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In Sierra Leone, a drive to reduce newborn deaths

UNICEF/Sierra Leone/2009/Davies
© UNICEF/Sierra Leone/2009/Davies
Baindu’s youngest child, Ishmael receives the polio vaccines during Mami en Pikin Well Bodi Week (Mother and Child Health’s Week).

Freetown, Sierra Leone, 23 June 2009 - Baindu Sesay, 40, hails from Pepel village, Port Loko, in the northern part of Sierra Leone. Coincidentally, Baindu and her family were in Kenema to see her relatives during the Mami en Pikin Well Bodi Week (Mother and Child Health’s Week) that took place between the 29th May and 1st June 2009.

She took her six month old and youngest child, Ishmael, to the health fare on the 29th May in Kenema so that he could benefit from vaccination against polio, de-worming and administration of vitamin A and other health interventions.

Towards MDG 4: reducing infant mortality
According to the latest Demographic Health Survey, Sierra Leone achieved a reduction on infant mortality from 262 per 1,000 live births in 2005 to 140 per 1,000 live births in 2008. One of the goals of the campaign is to contribute to reduce the country’s infant mortality rate to 101 per 1,000 live births by 2015.

This is the second time that UNICEF is collaborating with the Ministry of Health and Sanitation, WHO, Helen Keller International, Save the Children UK, Concern Worldwide, the Sierra Leone Red Cross and other stakeholders in mobilizing funds, resources and expertise to reinforce this downward trend by introducing the Mami en Pikin Well Bodi Week.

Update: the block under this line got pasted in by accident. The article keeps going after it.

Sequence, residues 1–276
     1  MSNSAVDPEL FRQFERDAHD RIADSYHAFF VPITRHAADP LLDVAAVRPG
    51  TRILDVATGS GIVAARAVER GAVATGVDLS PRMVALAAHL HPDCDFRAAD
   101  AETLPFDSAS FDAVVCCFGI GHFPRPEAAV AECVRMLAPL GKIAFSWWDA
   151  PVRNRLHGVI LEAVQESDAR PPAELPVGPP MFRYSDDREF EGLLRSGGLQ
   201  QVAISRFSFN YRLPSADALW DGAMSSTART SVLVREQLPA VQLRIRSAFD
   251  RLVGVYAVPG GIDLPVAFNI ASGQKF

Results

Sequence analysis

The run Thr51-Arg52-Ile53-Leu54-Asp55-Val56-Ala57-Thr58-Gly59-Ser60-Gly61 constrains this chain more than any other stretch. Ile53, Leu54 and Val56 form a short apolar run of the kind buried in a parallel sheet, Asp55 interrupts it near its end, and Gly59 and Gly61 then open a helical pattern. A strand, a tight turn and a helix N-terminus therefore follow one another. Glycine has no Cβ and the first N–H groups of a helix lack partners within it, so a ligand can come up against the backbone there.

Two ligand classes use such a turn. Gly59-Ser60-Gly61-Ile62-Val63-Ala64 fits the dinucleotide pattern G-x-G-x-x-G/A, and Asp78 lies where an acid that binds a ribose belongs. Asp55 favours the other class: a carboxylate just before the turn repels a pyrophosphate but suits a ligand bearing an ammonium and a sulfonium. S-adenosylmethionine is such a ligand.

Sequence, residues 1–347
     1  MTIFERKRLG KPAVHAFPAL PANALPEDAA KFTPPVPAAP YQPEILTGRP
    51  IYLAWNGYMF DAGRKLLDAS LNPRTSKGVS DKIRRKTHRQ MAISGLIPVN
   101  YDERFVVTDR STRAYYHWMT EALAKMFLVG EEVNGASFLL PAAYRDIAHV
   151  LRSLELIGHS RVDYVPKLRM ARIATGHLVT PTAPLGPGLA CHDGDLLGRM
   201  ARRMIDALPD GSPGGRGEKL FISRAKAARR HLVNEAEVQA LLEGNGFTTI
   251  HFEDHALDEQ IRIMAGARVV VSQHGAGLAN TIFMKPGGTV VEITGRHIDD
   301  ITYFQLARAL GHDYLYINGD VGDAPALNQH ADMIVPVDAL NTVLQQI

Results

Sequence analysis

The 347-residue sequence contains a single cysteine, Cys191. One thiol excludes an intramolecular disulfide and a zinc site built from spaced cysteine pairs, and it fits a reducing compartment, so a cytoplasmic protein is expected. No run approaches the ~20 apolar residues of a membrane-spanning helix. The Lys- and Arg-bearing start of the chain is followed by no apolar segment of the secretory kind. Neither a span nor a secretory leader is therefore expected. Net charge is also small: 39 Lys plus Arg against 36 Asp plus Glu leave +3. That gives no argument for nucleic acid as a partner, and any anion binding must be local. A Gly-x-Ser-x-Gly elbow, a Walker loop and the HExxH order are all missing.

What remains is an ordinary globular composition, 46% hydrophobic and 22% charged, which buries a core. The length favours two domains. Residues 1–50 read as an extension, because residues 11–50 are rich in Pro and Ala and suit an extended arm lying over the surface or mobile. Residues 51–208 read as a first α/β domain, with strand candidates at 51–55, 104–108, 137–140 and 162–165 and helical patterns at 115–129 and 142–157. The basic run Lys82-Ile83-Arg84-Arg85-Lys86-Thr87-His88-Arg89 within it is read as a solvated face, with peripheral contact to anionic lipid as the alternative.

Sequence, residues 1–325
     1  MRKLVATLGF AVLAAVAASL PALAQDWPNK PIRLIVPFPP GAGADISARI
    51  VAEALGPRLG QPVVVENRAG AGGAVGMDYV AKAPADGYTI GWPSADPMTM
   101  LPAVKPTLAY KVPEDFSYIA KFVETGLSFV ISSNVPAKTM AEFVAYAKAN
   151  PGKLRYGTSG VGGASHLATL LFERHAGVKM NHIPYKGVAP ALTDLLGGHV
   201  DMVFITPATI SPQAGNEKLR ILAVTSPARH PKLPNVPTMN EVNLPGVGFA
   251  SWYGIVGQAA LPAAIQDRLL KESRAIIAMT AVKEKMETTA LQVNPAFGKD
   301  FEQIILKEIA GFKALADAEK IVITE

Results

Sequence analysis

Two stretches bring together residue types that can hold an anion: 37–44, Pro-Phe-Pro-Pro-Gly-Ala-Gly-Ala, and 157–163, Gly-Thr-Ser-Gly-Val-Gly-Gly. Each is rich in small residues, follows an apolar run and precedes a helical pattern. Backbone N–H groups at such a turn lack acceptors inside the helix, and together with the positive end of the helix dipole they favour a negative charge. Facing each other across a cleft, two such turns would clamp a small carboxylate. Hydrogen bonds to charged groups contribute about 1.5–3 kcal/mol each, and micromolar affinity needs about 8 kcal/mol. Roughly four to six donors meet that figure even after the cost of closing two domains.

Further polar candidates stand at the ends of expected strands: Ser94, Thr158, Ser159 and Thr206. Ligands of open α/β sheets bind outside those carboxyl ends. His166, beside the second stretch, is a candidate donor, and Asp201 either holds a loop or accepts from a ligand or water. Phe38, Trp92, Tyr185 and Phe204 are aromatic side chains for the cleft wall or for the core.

The campaign, which targets over one million children under the age of five, aims to prevent illnesses and deaths among them. This is a bi-annual integrated health campaign that is being undertaken in all the 13 districts of Sierra Leone.

“I had given birth to nine children but two died of malaria before they could reach their first birthdays”, Baindu lamented. “By then I had no idea of the importance of sleeping under insecticide treated bed nets but now, my baby and I sleep under bed nets and I think we are now free from malaria. And we must also keep our environments clean at all times!” 

Combatting preventable childhood illnesses
Malaria is the leading cause of illness and deaths among children under the age of five in Sierra Leone. It accounts for over 40 per cent of all diseases reported at health facilities and over 38 per cent of deaths of children under the age of five. Neonatal tetanus is responsible for 23 per cent of infant mortality.

UNICEF/Sierra Leone/2009/Davies
© UNICEF/Sierra Leone/2009/Davies
Baindu feeds her six-month-old son Ishmael exclusively with breast milk. "He's plump and healthy".

“I have also brought my baby [Ishmael] to be vaccinated against polio. This campaign has certainly made my child to grow in good health and I want it to continue every year so that many babies in Sierra Leone, especially those within the age of five, will stop dying of preventable diseases”, Baindu expressed.

Promoting life-saving child care and family practices
Baindu, like over 1,000 mothers and babies at the health fare, also received health education and hygiene promotional messages such as the importance of hand washing with soap, exclusive breastfeeding, nutrition, malaria prevention, etc. from health professionals.

The Mami en Pikin Well Bodi Week was immediately followed by a week-long yellow fever vaccination campaign (2nd – 7th June) in five districts – Kenema, Moyamba, Kono, Kailahun and Pujehun –  that targets every person above the age of nine months.  These were some of the 11 districts that were selected to undergo vaccinations after a research revealed that they were at risk of a yellow fever outbreak.

A vaccination campaign for the other six districts will take place in November this year. Bonthe and Bombali are the only districts not included in the yellow fever campaign since the risk of the disease is low.

“My six children, husband and I have all received the yellow fever vaccination”, Baindu concluded.

By Issa Davies

 

 

 

 

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